IDEAS home Printed from https://ideas.repec.org/
MyIDEAS: Log in (now much improved!) to save this paper

Recent trends in economic theory - implications for development geography

In economic theory there are three main developments which we find are of potential importance to development geography: First of all, the mainstream neo-classical paradigm is being challenged from a growing school under the heading of 'Evolutionary' or 'Schumpeterian' economics, with roots in the German Historical School. This group is gaining prominence within the OECD and the EU. Secondly, from inside the neo-classical school, a 'new growth theory' is evolving. It is not clear whether this new theory will reform the neo-classical paradigm from within, or whether it indirectly attacks the very foundations of the neo-classical system in such a way that in the long run it may bring down the whole neo-classical framework. The third development, perhaps the one with the most immediate implications for development geography, is the change which has taken place in international trade theory over the last 10-12 years. Before treating these three developments in separate chapters, we shall look at the background and timing of the changes presently taking place in economic theory.

If you experience problems downloading a file, check if you have the proper application to view it first. In case of further problems read the IDEAS help page. Note that these files are not on the IDEAS site. Please be patient as the files may be large.

File URL: http://www.step.no/reports/Y1994/1294.pdf
Download Restriction: no

Paper provided by The STEP Group, Studies in technology, innovation and economic policy in its series STEP Report series with number 199412.

as
in new window

Length:
Date of creation:
Handle: RePEc:stp:stepre:1994r12
Contact details of provider: Postal:
Hammersborg torg 3, 0179 Oslo, Norway

Phone: +4722868010
Fax: +4722868049
Web page: http://www.nifu.no/
Email:


More information through EDIRC

Order Information: Web: http://www.nifu.no/

References listed on IDEAS
Please report citation or reference errors to , or , if you are the registered author of the cited work, log in to your RePEc Author Service profile, click on "citations" and make appropriate adjustments.:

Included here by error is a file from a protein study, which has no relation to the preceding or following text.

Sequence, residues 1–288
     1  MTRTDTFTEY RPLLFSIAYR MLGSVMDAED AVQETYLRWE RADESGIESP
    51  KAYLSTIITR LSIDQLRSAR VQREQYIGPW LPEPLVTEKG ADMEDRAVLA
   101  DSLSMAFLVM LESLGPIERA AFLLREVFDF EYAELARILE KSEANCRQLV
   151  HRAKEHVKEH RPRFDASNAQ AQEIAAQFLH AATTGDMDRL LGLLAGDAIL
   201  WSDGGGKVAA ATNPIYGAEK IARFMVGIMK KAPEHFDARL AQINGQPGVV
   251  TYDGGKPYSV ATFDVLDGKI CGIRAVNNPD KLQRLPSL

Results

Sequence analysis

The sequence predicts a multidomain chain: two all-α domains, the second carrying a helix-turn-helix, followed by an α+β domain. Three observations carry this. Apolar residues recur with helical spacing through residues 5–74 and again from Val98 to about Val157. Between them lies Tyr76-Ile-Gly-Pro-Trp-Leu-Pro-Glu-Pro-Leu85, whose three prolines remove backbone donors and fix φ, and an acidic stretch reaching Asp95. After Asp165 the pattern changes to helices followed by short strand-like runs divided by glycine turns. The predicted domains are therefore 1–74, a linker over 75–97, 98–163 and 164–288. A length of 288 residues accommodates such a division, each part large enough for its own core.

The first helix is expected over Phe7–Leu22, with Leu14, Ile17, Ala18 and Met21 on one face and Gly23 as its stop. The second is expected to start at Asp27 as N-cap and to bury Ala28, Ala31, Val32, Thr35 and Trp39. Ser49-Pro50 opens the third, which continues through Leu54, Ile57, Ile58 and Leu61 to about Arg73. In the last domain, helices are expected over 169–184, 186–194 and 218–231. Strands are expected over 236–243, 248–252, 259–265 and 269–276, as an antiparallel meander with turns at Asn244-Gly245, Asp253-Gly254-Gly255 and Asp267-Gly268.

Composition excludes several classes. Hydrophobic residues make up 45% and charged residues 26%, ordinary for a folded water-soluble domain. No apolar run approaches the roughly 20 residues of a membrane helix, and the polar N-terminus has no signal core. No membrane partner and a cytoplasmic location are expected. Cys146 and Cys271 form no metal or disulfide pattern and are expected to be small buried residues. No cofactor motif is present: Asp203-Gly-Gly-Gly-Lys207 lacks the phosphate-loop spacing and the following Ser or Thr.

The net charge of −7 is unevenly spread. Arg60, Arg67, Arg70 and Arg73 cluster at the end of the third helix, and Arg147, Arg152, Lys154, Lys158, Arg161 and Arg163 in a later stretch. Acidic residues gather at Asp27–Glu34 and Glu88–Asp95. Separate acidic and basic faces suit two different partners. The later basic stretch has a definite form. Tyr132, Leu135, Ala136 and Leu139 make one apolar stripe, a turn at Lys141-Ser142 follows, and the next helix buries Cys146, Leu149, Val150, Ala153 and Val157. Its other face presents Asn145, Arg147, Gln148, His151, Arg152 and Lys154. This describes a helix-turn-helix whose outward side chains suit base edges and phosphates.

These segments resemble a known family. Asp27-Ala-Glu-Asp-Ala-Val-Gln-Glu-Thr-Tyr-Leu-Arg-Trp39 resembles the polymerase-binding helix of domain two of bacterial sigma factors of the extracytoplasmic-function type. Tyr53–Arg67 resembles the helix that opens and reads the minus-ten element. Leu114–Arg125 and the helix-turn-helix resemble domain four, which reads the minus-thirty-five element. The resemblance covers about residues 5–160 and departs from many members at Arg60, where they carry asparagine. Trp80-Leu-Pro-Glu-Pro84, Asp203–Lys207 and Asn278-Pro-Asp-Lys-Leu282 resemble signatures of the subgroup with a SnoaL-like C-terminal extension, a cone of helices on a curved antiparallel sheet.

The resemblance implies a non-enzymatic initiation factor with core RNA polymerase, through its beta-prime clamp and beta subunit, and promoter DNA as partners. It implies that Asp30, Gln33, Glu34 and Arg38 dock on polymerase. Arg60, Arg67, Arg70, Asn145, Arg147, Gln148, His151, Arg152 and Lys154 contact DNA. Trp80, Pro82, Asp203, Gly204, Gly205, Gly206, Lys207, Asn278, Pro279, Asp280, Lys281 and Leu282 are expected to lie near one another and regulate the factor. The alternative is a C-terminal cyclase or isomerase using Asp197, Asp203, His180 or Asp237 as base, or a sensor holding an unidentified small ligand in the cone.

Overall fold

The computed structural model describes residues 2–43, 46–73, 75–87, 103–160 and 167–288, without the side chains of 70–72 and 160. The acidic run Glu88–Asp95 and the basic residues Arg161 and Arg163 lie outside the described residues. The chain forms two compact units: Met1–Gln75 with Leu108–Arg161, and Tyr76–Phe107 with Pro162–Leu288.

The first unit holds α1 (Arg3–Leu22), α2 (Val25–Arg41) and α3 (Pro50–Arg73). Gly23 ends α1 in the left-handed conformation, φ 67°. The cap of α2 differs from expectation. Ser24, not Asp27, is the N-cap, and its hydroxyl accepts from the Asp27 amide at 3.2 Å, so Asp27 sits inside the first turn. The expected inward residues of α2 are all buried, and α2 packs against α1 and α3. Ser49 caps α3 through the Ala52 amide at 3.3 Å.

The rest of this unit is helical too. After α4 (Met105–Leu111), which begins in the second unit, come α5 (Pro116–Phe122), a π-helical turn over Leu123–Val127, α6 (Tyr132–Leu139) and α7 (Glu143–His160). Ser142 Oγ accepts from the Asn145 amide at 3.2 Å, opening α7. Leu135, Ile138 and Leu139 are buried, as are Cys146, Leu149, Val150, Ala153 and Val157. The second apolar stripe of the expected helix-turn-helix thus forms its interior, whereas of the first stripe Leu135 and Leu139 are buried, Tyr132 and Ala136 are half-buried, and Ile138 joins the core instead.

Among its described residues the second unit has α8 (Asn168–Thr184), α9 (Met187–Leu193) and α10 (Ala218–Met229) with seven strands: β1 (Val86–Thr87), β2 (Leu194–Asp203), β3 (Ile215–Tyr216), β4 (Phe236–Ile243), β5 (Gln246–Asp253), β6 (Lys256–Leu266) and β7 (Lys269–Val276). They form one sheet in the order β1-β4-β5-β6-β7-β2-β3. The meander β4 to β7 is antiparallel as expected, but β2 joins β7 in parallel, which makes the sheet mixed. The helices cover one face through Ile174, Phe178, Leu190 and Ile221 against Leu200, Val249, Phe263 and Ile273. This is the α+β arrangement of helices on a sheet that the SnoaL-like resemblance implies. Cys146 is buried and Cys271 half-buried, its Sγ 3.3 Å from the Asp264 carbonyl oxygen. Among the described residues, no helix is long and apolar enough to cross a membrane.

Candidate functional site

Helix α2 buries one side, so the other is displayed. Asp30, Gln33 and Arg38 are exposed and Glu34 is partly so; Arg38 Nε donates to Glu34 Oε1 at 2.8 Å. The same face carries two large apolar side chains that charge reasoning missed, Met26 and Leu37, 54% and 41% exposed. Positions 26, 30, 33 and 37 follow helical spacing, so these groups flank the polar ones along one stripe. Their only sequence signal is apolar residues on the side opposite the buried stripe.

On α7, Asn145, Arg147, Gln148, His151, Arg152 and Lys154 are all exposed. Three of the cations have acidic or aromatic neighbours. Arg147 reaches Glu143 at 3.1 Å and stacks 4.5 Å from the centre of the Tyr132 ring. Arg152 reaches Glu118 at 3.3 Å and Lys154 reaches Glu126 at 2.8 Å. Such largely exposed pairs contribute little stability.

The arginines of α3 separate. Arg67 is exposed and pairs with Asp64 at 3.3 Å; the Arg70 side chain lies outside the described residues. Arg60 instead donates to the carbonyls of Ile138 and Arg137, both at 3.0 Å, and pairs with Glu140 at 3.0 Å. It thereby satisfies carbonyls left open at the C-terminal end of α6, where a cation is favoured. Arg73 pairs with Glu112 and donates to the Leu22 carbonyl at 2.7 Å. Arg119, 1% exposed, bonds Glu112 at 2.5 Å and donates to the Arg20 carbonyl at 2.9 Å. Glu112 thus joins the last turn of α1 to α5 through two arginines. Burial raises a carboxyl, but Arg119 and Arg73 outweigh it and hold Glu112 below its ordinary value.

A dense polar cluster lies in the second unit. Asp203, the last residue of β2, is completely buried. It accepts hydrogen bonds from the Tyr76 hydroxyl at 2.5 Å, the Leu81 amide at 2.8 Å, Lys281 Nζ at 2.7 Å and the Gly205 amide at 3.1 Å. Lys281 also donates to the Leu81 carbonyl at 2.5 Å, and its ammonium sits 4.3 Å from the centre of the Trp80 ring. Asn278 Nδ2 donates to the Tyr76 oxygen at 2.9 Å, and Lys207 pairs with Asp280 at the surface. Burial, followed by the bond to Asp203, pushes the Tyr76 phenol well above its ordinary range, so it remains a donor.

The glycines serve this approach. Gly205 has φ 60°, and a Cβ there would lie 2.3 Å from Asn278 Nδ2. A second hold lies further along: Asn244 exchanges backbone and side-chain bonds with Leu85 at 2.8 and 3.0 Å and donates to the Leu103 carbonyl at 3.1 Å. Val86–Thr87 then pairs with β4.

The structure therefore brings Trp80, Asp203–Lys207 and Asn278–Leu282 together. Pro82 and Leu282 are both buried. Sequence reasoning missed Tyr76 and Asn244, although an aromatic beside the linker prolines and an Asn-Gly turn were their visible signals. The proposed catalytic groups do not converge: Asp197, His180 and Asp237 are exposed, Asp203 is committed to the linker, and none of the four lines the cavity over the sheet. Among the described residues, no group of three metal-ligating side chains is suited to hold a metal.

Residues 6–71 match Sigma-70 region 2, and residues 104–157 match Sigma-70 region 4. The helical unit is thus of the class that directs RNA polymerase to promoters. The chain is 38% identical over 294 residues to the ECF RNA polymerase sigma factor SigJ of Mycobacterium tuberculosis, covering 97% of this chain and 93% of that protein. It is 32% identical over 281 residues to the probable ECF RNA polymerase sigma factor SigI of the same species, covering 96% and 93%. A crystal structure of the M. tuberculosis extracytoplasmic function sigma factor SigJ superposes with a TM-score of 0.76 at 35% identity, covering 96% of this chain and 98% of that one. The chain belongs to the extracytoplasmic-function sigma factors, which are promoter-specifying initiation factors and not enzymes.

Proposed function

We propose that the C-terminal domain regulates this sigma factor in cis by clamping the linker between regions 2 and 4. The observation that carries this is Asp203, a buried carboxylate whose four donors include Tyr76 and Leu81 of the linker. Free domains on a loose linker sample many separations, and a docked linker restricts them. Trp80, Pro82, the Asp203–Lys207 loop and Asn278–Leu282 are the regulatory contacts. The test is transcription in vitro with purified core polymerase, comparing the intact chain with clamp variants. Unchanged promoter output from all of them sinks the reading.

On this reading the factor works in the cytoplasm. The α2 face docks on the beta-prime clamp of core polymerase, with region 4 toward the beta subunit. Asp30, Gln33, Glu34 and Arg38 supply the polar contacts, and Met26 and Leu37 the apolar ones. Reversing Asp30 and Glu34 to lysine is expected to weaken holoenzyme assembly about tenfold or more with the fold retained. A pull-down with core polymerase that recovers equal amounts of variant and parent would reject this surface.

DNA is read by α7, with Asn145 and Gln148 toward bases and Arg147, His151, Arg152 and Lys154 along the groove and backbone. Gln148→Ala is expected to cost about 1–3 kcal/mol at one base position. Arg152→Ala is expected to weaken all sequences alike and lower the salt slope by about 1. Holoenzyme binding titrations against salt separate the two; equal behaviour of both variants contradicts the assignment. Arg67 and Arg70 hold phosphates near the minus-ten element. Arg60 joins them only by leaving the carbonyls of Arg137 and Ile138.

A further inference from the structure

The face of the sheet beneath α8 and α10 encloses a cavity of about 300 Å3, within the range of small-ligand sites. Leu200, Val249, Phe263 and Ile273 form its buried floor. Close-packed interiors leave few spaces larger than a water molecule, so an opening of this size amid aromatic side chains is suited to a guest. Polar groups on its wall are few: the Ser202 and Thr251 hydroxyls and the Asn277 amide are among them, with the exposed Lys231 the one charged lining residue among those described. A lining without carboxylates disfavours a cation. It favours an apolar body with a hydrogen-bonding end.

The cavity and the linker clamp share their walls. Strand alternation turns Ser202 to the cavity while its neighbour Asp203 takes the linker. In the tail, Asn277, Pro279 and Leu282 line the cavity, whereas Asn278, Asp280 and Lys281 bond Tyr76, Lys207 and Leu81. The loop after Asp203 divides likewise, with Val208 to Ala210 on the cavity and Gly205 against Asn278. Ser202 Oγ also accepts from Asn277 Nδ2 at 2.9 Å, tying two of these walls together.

as
in new window


  1. Niman, Neil B., 1991. "Biological Analogies in Marshall's Work," Journal of the History of Economic Thought, Cambridge University Press, vol. 13(01), pages 19-36, June.
  2. Reinert, Erik S., 1995. "Competitiveness and its predecessors--a 500-year cross-national perspective," Structural Change and Economic Dynamics, Elsevier, vol. 6(1), pages 23-42, March.
  3. Wagner, Alfred, 1891. "Marshall's Principles of Economics," History of Economic Thought Articles, McMaster University Archive for the History of Economic Thought, vol. 5, pages 319-338.
  4. Avinash Dixit, 1993. "In Honor of Paul Krugman: Winner of the John Bates Clark Medal," Journal of Economic Perspectives, American Economic Association, vol. 7(2), pages 173-188, Spring.
Full references (including those not matched with items on IDEAS)

This item is not listed on Wikipedia, on a reading list or among the top items on IDEAS.

When requesting a correction, please mention this item's handle: RePEc:stp:stepre:1994r12. See general information about how to correct material in RePEc.

For technical questions regarding this item, or to correct its authors, title, abstract, bibliographic or download information, contact: (Nils Henrik Solum)

If you have authored this item and are not yet registered with RePEc, we encourage you to do it here. This allows to link your profile to this item. It also allows you to accept potential citations to this item that we are uncertain about.

If references are entirely missing, you can add them using this form.

If the full references list an item that is present in RePEc, but the system did not link to it, you can help with this form.

If you know of missing items citing this one, you can help us creating those links by adding the relevant references in the same way as above, for each refering item. If you are a registered author of this item, you may also want to check the "citations" tab in your profile, as there may be some citations waiting for confirmation.

Please note that corrections may take a couple of weeks to filter through the various RePEc services.

This information is provided to you by IDEAS at the Research Division of the Federal Reserve Bank of St. Louis using RePEc data.